McAdams says state lawmakers pushed massive jail costs onto counties

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SALT LAKE CITY -- County leaders were invited to a budget presentation on Tuesday, but they witnessed a throw-down—with the CEO of the state's second biggest county saying the state neglected their responsibility.

Ben McAdams, Salt Lake County Mayor, said state leaders made sweeping changes to criminal law that turned non-violent felonies into misdemeanors. The reforms mean county jails will house the offenders, many of whom suffer from drug addiction and mental illness.

"Our entire criminal justice team supports these changes, and we understand why we need to move in that direction, but, make no mistake: It represents a significant unfunded mandate on us that was based on the assumption that the legislature would also act on a plan to expand Medicaid coverage," McAdams said.

The county mayor's budget plan includes building a new corrections center for non-violent offenders to receive medical and mental health preparation for life after jail.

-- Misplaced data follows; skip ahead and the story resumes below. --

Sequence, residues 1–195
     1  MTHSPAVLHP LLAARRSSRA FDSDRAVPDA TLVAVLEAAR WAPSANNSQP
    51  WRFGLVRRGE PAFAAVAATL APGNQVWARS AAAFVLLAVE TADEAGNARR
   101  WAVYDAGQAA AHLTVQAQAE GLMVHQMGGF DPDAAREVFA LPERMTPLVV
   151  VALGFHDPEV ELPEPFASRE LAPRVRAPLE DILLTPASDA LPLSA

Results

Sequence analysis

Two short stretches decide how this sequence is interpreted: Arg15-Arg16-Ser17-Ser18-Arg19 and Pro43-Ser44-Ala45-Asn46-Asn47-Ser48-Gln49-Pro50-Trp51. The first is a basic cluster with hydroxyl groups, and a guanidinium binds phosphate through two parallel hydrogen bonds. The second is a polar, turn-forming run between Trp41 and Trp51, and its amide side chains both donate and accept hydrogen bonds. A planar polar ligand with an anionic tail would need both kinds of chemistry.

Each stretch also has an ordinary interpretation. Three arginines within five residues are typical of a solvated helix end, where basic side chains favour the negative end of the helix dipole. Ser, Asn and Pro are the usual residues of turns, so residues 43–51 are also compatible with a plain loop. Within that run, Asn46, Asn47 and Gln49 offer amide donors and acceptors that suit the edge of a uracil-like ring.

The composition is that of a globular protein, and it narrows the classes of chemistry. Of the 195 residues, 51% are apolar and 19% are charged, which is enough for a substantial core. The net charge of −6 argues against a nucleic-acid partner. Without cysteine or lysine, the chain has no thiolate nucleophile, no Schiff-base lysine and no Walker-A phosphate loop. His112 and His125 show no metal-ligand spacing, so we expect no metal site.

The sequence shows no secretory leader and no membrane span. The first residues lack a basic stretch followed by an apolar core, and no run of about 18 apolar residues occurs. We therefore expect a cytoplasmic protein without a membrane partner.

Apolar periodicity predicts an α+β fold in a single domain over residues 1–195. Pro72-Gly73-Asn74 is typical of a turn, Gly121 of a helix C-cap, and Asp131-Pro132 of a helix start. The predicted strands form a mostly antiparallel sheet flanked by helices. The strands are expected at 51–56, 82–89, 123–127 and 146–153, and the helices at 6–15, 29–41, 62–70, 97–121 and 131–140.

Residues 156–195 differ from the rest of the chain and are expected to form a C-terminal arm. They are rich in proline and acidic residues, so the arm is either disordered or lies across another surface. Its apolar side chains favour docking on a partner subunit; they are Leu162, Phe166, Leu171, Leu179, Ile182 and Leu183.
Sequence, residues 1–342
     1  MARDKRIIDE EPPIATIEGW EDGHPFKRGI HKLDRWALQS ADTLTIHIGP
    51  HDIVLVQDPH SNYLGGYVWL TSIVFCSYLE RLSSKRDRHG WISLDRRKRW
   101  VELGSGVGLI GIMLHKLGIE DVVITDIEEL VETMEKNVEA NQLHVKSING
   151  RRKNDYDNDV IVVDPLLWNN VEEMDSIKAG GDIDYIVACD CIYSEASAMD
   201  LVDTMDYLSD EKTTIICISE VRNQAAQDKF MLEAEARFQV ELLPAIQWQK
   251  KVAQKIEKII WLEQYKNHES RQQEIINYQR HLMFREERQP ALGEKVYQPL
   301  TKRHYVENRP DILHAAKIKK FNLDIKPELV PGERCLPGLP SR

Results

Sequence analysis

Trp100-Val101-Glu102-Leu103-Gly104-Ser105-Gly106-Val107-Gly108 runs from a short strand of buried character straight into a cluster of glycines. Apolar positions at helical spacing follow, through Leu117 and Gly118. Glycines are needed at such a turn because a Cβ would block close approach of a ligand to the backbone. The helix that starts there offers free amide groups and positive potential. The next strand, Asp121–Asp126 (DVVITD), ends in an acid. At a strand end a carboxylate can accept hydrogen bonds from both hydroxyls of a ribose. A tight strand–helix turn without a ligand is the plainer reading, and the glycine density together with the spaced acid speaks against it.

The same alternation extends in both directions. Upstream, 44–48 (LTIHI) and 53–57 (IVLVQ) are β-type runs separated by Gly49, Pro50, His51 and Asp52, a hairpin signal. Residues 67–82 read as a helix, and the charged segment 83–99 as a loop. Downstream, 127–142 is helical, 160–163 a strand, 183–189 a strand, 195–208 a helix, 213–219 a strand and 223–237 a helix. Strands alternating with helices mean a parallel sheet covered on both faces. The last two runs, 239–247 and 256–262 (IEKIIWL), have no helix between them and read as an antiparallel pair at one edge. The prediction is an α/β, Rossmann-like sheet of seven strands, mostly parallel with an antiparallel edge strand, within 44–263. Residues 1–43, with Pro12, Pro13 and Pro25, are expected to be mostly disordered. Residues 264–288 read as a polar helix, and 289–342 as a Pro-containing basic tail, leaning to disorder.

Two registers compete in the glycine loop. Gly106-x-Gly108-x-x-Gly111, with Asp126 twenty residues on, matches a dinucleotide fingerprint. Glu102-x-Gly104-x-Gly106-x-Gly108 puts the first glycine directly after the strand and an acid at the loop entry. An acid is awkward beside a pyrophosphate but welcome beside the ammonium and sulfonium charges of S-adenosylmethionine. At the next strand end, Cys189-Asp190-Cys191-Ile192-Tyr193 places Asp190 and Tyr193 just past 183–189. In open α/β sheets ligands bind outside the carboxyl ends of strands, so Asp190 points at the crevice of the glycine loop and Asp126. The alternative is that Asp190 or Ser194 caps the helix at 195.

Funding for the new facility and for increased pressure on the Sheriff and District attorney would come from continuing a levy on taxpayers that was due to end in December. The levy was created to pay for the bond that built the county jail in 1995.


  • Verner Hornung

    There are, however, good reasons why Medicaid, at least in pre-expansion years, refused to cover incarcerated persons. Such as discouraging states and localities from using their correctional facilities as mental hospitals. Has this policy changed?

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